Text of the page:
Everyone goes through challenging situations in life, and while you may have successfully navigated through other difficulties you've faced, there's nothing wrong with seeking out extra support when you need it. In fact, therapy is for people who have enough self-awareness to realize they need a helping hand, and that is something to be admired. You are taking responsibility by accepting where you're at in life and making a commitment to change the situation by seeking therapy . Therapy provides long-lasting benefits and support, giving you the tools you need to avoid triggers, re-direct damaging patterns, and overcome whatever challenges you face.
People have many different motivations for coming to psychotherapy. Some may be going through a major life transition (unemployment, divorce, new job, etc.), or are not handling stressful circumstances well. Some people need assistance managing a range of other issues such as low self-esteem, depression, anxiety, addictions, relationship problems, spiritual conflicts and creative blocks. Therapy can help provide some much needed encouragement and help with skills to get them through these periods. Others may be at a point where they are ready to learn more about themselves or want to be more effective with their goals in life. In short, people seeking psychotherapy are ready to meet the challenges in their lives and ready to make changes in their lives.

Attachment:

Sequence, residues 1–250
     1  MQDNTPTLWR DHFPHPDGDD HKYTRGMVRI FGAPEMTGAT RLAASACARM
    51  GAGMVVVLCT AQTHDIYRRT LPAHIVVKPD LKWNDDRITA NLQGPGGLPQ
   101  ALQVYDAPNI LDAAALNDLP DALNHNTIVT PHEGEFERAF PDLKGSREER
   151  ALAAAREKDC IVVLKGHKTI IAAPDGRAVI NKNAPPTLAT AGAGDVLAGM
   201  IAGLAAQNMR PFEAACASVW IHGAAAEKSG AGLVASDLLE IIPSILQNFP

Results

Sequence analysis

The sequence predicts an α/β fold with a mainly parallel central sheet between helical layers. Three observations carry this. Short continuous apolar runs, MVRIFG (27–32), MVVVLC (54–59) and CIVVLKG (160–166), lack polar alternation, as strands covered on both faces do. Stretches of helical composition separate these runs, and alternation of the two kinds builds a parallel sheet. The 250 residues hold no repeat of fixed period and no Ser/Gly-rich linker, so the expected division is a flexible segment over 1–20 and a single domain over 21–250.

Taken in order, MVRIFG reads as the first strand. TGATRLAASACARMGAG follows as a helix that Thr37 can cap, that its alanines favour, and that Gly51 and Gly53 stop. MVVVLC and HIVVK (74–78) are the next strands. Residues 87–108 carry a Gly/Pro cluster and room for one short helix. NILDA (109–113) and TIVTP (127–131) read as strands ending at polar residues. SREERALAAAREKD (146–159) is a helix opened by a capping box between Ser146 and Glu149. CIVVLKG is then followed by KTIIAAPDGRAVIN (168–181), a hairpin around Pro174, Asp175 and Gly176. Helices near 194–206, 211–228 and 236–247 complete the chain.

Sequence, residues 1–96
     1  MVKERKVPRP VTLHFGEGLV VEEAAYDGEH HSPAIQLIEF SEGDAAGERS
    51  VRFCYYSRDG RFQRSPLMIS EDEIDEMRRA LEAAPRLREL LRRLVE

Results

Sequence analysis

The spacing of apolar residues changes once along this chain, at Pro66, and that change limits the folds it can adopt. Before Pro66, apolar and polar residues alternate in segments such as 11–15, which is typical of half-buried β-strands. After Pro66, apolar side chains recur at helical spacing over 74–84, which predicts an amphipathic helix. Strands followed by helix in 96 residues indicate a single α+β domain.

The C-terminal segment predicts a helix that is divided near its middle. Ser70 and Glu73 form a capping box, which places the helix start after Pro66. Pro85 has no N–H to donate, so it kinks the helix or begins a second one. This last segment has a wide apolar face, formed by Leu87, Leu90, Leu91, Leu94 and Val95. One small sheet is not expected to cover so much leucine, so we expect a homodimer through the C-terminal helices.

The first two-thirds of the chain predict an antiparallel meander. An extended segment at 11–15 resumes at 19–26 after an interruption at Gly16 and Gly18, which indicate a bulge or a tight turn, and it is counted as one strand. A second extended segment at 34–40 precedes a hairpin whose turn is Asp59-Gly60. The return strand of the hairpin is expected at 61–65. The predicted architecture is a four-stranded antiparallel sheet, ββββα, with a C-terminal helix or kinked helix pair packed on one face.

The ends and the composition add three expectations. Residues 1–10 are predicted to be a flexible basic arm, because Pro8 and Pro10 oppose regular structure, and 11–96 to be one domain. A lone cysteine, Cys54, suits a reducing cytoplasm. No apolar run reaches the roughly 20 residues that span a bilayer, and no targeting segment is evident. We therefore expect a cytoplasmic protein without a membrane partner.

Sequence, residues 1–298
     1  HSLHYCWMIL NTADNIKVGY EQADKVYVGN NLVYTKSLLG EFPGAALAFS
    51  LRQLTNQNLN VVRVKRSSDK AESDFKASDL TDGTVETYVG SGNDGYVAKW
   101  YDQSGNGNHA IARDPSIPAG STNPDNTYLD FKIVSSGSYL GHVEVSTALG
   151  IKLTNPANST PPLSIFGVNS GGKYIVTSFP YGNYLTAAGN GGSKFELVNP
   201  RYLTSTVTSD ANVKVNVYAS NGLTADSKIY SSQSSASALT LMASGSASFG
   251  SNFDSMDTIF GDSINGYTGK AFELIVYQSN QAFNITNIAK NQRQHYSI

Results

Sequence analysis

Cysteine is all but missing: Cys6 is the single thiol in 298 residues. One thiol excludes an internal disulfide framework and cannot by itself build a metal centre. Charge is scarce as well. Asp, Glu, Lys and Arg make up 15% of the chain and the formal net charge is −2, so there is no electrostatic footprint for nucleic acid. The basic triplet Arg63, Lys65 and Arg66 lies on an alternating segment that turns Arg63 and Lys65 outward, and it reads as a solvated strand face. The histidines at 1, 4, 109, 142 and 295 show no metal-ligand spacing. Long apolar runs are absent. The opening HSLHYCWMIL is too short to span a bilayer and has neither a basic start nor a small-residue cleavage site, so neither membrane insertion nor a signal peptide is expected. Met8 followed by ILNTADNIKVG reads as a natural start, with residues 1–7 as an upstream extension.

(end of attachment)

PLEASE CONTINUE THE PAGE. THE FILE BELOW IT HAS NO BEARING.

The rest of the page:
What is therapy like?
Because each person has different issues and goals for therapy, therapy will be different depending on the individual. In general, you can expect to discuss the current events happening in your life, your personal history relevant to your issue, and report progress (or any new insights gained) from the previous therapy session. Depending on your specific needs, therapy can be short-term, for a specific issue, or longer-term, to deal with more difficult patterns or your desire for more personal development. Either way, it is most common to schedule regular sessions with your therapist (usually weekly).
It is important to understand that you will get more results from therapy if you actively participate in the process. The ultimate purpose of therapy is to help you bring what you learn in session back into your life. Therefore, beyond the work you do in therapy sessions, your therapist may suggest some things you can do outside of therapy to support your process - such as reading a pertinent book, journaling on specific topics, noting particular behaviors or taking action on your goals. People seeking psychotherapy are ready to make positive changes in their lives, are open to new perspectives and take responsibility for their lives.
What about medication vs. psychotherapy?